I think it unlikely that GM ever reads cheap novels, but maybe he does when no one’s looking – tho’ I can’t suggest which one it was.

    16.10.2012 15:20 Reply

  7. JVOC:

    Not Pike, but Piranha.. Courtesy of Emma Jacobs in the FT.

    http://www.ft.com/cms/s/0/934f737e-68fd-11e1-9931-00144feabdc0.html#axzz29Xo2c1jN

    The nice negotiator

    High quality global journalism requires investment. Please share this article with others using the link below, do not cut & paste the article. See our Ts&Cs and Copyright Policy for more detail. Email ftsales.support@ft.com to buy additional rights. http://www.ft.com/cms/s/0/934f737e-68fd-11e1-9931-00144feabdc0.html#ixzz29XoVyLoj

    Clive Rich’s father Paul was a crooner best known for his 1946 song “Cruising Down the River”. It went to number one and stayed there for six months. For this, his huge hit, he received the paltry sum of £10. “If I’d negotiated [his contract], I would have got a better deal,” says Mr Rich junior.

    You would hope so. For Mr Rich negotiates deals for a living – either coaching executives before doing a deal, holding their hand while they negotiate or doing a deal on their behalf.

    High quality global journalism requires investment. Please share this article with others using the link below, do not cut & paste the article. See our Ts&Cs and Copyright Policy for more detail. Email ftsales.support@ft.com to buy additional rights. http://www.ft.com/cms/s/0/934f737e-68fd-11e1-9931-00144feabdc0.html#ixzz29XoYjAqf

    The mild-mannered, softly spoken 51-year-old, who has a sensible white T-shirt under his crisp white shirt, could not be further from the stereotype of tough-as-nails negotiators such as the infamous divorce lawyer Raoul Felder, author of such guides as Bare Knuckle Negotiation, and Carl Icahn, the corporate raider. Mr Felder has the reputation of being a shark and indeed had a fish tank in his office containing piranhas. During tricky meetings, he claimed he fed live goldfish to the flesh-eating fish, generating loud biting crunches.

    17.10.2012 09:49 Reply

    • markwallace:

      Interesting spot, JVOC – so piranha, not pike, and err not a banker either. Raoul Felder apparently is a divorce lawyer…

      17.10.2012 10:13 Reply

  8. Disgusted of Neasden:

    Well, that’s another urban myth launched.

    Actually, I’m guessing pike are a more endangered species than goldfish. So the banker was just doing his bit for conservation.

    17.10.2012 09:51 Reply

  9. Todge:

    It was Dr Evil, and they were mutated Sea Bass armed with laser beams!

    17.10.2012 09:54 Reply

  10. Prodicus:

    Don’t tell him, Pike.

    17.10.2012 10:32 Reply

  11. Buffonory:

    “important to learn that he apparently believes myths about whole sectors of the economy.”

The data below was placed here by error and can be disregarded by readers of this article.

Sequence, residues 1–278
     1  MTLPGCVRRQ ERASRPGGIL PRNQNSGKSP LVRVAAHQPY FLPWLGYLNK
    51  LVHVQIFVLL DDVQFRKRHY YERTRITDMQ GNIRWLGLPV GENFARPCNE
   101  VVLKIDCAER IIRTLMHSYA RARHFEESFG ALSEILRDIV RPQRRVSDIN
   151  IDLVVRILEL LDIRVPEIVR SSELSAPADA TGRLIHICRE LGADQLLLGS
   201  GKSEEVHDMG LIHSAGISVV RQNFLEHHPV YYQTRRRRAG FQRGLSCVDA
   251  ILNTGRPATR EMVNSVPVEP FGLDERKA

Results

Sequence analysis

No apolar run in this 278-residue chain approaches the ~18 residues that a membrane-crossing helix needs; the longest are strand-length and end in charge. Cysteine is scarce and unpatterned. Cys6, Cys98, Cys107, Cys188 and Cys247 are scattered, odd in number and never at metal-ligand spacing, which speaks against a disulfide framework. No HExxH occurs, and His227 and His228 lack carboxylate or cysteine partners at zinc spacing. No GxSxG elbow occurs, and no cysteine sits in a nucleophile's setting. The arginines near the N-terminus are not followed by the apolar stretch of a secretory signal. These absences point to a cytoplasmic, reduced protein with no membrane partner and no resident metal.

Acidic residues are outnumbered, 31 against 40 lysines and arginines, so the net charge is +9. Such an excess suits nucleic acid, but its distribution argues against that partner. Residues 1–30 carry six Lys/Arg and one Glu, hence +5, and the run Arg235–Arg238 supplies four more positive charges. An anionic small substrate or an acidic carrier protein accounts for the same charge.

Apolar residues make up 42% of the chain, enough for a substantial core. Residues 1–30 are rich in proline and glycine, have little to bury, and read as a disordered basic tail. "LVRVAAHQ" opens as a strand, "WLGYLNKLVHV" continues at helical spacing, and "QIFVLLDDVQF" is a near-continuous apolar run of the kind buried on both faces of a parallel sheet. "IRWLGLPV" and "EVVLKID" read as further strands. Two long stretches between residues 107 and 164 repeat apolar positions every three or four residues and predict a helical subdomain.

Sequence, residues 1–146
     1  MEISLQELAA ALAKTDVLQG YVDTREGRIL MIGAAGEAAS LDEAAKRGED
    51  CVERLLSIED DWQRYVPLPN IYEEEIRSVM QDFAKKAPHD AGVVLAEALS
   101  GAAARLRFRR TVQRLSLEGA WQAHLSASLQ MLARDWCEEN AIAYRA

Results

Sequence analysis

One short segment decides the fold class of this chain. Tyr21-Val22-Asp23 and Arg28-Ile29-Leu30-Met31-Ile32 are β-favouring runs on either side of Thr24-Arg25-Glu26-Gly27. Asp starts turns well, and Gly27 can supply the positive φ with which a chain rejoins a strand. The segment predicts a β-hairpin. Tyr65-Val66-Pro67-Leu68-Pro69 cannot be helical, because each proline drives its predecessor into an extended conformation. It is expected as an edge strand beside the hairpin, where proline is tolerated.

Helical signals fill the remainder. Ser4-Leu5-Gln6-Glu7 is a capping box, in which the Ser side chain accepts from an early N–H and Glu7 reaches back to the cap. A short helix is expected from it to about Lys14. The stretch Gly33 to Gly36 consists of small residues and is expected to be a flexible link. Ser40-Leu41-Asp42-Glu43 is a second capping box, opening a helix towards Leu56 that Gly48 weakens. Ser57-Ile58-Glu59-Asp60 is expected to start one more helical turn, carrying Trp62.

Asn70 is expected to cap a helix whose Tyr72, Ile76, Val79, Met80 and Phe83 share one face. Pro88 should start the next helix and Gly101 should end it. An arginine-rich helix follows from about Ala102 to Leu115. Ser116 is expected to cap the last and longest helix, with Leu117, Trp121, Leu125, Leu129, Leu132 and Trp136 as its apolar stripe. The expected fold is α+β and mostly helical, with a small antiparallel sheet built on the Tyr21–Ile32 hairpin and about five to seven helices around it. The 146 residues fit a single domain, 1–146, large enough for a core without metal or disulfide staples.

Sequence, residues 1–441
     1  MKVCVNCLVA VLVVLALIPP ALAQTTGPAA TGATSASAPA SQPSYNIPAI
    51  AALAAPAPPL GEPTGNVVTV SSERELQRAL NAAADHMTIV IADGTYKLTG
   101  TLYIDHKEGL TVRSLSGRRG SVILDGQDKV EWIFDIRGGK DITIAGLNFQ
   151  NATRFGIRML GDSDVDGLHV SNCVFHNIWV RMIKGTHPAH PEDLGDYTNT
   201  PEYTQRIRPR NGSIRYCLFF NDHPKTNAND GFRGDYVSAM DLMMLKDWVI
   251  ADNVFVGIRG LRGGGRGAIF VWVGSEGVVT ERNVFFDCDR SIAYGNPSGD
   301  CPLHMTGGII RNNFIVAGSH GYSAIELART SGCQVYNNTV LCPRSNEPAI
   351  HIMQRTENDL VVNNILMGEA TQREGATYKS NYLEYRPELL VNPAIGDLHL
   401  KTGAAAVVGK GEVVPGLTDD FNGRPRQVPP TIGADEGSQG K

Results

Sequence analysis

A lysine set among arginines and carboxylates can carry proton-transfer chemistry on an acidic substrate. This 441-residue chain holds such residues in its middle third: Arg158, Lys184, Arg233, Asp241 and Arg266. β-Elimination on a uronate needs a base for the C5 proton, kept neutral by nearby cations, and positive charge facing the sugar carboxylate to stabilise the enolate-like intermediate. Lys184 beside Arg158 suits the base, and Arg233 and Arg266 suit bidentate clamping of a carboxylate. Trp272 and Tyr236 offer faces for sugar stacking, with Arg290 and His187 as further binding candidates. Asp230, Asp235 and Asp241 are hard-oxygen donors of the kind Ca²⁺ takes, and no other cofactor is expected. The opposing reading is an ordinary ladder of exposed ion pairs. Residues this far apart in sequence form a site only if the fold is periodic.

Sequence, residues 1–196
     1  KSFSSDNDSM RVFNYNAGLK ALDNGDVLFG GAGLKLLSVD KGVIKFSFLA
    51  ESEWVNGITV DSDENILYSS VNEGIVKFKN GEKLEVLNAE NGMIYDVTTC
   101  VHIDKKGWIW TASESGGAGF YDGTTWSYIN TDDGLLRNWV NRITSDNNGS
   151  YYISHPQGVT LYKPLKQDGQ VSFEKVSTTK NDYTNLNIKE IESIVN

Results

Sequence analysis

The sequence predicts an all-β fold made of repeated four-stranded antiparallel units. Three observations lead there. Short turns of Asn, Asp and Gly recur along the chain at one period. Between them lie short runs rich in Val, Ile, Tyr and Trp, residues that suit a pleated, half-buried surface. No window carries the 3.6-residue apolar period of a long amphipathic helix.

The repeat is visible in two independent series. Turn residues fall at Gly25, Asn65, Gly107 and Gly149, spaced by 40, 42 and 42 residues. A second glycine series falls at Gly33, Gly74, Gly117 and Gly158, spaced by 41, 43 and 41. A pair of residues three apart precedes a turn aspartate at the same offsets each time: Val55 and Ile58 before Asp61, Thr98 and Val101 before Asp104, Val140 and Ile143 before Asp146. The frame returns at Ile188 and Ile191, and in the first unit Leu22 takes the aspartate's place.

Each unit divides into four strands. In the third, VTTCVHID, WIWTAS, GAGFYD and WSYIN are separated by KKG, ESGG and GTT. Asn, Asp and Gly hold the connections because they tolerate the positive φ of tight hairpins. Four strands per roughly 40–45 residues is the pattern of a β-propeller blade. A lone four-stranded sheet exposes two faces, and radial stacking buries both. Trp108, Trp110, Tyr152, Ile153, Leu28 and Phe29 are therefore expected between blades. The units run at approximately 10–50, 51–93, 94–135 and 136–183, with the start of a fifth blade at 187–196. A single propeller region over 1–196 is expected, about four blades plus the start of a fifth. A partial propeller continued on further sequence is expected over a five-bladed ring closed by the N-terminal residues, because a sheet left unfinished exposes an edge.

Or rather an old anecdote about one person who possibly worked in it. This blog is seriously desperate stuff.

    17.10.2012 10:33 Reply

    • markwallace:

      And yet here you are, commenting on it…

      17.10.2012 13:20 Reply

  12. Ethan:

    Don’t tell him your name Pike!

    17.10.2012 10:35 Reply

  13. therealguyfaux:

    So it wasn’t a banker and it wasn’t a pike, but otherwise the story might be true? “George Washington’s Axe,” the one with which he chopped down the cherry tree, guaranteed to be the genuine article, although the axe head and the handle have been replaced over the years.

    17.10.2012 10:38 Reply

    • Bill Quango MP:

      And so has the tree.
      Father I cannot tell such a small lie. I’m a politician and I’m only good with whoppers.

      17.10.2012 11:02 Reply

    • Ethan:

      Good analagy but a bit dated. May I suggest you substitute your GW axe for ‘Trigger’s Broom.’. Fifteen new heads and three new handles. But the broom is still in tip top condition.

      Moonbat of course is currently on sabbatical …with the fairies.

      17.10.2012 11:22 Reply

  14. Penfold:

    Lack of evidence or proof doesn’t normally stop the left from making claims/allegations or offering some anecdotal story to bolster a particular piece.
    Monbiot must be losing his touch and gaining touch with reality.
    Cripes, he’ll soon have both feet on the ground……….what a thought.

    17.10.2012 12:44 Reply

  15. Sergeant Wilson:

    It was the evil “head” of the Warmington on Sea branch on the National Provincial Bank

    17.10.2012 14:54 Reply

  16. Matt:

    Moron Monbiot has been making things up to support his lunatic worldview for his entire career, so no change there then.

    Like Polly, Rushbridger, and the rest of the grossly hypocritical, non reality based, community of the left he believes that the truth is what he decides it is and that anyone who does not agree with his views is a dangerous ……… (whatever) denier who should be shot.

    As ever it remains the left who indulge in the real social fascism and abuse of the truth in pursuit of their bonkers aims.

    17.10.2012 22:55 Reply